Tuesday, June 3, 2008

Geoff Herbach--From Cubicle Dwelling to the Avant Garde

Common Good Books is pleased to welcome Geoff Herbach back home after a long book tour on Thursday, June 12th, at 7:30 p.m. We've asked him to tell us a bit about writing his first novel, The Miracle Letters of T. Rimberg.
Geoff will be joined at the bookstore by his fellow Lit 6 writers, the creators and cast of The Electric Arc Radio Show.

I am happy to be in the vanguard. In the next year, there are at least two other books being published by major U.S. publishers that use the suicide letter as their narrative medium (uh, way to tell their story). I’m not sure why suicide letters are so popular right now, but think it has something to do with the Bush administration (this is not a tongue in cheek statement – I mean it).

My book, The Miracle Letters of T. Rimberg, is not a about suicide, however. It is not a book about depression or medication or hospitalization (although all three are in it). The Miracle Letters, in its essence, is about the power of reflection.

The book, thankfully, is not autobiographical (there are details, of course, that some reader close to me will recognize – that’s the nature of this business, I think). But, the story is not entirely unrelated to my own, either. When I began work on this book, I held a job at Wells Fargo doing some kind of computer programming. For several years I went through the motions, earning money, not particularly happy, without giving proper consideration to why and how I’d gotten there. Why does a former English major who did nothing but write wild stories through college now attend staff meetings detailing new programming language in a financial calculator?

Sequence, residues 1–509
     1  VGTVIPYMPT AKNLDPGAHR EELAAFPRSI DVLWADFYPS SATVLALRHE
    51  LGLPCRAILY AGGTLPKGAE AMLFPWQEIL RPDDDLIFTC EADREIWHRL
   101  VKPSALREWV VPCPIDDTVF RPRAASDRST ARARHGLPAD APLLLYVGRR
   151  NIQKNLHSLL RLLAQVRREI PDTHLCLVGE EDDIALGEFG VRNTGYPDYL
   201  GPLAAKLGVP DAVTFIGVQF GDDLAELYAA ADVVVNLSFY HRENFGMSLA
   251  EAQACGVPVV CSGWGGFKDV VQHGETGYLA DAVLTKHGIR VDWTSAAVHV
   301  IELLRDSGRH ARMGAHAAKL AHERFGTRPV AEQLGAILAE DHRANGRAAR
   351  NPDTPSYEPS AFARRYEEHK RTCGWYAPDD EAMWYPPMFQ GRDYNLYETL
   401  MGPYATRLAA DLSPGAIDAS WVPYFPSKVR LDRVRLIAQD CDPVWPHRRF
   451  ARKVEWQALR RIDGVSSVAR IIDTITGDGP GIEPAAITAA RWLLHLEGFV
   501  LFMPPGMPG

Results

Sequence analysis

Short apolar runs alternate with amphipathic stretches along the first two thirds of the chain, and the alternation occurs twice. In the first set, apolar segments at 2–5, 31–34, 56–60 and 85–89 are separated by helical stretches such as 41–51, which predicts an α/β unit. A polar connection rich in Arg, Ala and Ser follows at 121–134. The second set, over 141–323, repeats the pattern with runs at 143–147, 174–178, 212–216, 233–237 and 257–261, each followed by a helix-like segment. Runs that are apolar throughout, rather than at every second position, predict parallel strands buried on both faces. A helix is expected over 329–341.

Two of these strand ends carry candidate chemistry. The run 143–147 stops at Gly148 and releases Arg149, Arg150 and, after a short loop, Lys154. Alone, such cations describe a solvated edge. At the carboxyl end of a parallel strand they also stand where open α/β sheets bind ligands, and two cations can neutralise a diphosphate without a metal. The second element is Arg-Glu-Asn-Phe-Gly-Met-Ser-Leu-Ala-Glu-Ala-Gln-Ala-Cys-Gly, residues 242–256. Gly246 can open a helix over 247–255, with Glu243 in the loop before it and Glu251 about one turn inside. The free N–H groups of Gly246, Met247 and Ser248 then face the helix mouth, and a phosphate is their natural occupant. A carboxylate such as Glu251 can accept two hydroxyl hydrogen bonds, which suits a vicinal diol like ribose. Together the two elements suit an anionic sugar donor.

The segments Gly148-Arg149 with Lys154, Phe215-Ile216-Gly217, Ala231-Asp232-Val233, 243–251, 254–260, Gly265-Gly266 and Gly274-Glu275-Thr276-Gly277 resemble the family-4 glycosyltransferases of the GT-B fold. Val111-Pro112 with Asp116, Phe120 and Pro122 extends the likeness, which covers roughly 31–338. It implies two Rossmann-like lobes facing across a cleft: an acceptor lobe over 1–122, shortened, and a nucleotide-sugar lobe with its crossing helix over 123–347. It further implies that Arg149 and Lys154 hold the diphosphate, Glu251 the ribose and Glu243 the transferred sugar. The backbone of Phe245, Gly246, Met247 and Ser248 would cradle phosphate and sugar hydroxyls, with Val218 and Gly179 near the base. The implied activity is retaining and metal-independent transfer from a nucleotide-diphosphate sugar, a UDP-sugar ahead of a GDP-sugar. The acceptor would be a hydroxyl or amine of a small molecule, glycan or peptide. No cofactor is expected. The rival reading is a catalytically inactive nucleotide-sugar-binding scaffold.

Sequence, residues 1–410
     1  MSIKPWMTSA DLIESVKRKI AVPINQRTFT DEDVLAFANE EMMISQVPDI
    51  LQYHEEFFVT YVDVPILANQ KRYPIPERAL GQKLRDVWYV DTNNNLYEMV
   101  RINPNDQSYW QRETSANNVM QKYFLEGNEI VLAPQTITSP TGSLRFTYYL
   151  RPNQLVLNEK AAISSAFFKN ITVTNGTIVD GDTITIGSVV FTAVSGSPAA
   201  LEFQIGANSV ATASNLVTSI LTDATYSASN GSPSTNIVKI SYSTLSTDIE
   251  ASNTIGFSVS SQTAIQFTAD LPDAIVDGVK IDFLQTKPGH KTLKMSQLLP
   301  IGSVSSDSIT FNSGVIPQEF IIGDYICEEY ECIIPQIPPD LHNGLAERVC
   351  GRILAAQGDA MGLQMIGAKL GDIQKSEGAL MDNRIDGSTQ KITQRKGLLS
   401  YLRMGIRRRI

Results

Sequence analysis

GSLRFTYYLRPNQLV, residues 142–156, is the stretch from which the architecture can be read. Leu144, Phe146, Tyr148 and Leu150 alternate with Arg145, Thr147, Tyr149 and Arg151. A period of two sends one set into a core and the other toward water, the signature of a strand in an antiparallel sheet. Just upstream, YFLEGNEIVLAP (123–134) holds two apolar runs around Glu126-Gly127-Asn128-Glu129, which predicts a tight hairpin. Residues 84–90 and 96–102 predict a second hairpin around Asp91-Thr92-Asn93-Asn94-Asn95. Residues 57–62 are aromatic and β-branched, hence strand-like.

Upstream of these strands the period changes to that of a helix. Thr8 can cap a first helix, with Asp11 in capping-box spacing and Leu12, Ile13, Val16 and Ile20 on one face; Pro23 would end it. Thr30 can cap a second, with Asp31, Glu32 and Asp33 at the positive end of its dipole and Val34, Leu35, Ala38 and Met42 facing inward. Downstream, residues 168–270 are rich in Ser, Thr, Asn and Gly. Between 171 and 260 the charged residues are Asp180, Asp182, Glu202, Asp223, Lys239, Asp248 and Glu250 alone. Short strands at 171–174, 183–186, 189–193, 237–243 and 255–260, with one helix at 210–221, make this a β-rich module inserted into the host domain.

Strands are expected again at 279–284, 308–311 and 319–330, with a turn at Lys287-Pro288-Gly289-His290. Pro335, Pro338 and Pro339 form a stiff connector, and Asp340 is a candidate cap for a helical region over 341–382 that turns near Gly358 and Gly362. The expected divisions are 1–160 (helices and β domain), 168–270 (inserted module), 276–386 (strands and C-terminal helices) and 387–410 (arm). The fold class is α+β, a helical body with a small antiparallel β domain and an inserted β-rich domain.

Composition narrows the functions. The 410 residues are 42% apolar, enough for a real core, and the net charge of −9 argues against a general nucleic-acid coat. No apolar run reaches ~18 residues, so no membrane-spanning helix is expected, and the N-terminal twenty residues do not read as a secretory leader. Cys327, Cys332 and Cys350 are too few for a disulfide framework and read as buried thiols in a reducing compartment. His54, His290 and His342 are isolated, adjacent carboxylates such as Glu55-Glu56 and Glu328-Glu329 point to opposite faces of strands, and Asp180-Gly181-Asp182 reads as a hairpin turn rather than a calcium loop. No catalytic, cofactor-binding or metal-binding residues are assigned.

At the beginning of the book, T. Rimberg not only works in an office, he’s lost everyone dear to him through a series of terrible and vaguely cowardly choices. Although he intends to both punish and apologize to people with his suicide letters, the unintended consequence of his writing is that he begins to understand his past and this understanding, far from propelling him to his demise, propels him into life and future. My favorite marketing tag line for the book is, “Sometimes life gets in the way of a well-planned death.”

I no longer work for Wells Fargo, not because it is a bad place to work, but because it made no sense for me to work there. Now I write and do big, wild reading events with my pals at Lit 6 and The Electric Arc. We’re going to be doing one of these events in support of The Miracle Letters on June 12 at Common Good Books. You should come over. I’ll write a thoughtful, yearbook-style message in The Miracle Letters should you purchase it.

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